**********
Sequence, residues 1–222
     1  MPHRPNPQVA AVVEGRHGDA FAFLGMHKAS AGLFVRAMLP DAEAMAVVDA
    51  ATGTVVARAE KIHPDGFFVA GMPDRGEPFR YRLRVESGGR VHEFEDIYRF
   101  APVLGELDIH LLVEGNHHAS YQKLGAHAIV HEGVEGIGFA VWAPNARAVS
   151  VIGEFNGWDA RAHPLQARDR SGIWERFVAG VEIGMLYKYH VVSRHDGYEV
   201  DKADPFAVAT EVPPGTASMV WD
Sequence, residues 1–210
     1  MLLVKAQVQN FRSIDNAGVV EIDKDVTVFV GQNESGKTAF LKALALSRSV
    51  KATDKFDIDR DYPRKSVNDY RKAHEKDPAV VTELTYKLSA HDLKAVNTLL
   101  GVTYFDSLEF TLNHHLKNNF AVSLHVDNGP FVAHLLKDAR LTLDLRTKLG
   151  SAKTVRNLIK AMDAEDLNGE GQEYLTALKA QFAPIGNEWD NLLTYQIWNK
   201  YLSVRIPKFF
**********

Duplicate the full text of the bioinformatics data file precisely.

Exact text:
Sequence, residues 1–222
     1  MPHRPNPQVA AVVEGRHGDA FAFLGMHKAS AGLFVRAMLP DAEAMAVVDA
    51  ATGTVVARAE KIHPDGFFVA GMPDRGEPFR YRLRVESGGR VHEFEDIYRF
   101  APVLGELDIH LLVEGNHHAS YQKLGAHAIV HEGVEGIGFA VWAPNARAVS
   151  VIGEFNGWDA RAHPLQARDR SGIWERFVAG VEIGMLYKYH VVSRHDGYEV
   201  DKADPFAVAT EVPPGTASMV WD
Sequence, residues 1–210
     1  MLLVKAQVQN FRSIDNAGVV EIDKDVTVFV GQNESGKTAF LKALALSRSV
    51  KATDKFDIDR DYPRKSVNDY RKAHEKDPAV VTELTYKLSA HDLKAVNTLL
   101  GVTYFDSLEF TLNHHLKNNF AVSLHVDNGP FVAHLLKDAR LTLDLRTKLG
   151  SAKTVRNLIK AMDAEDLNGE GQEYLTALKA QFAPIGNEWD NLLTYQIWNK
   201  YLSVRIPKFF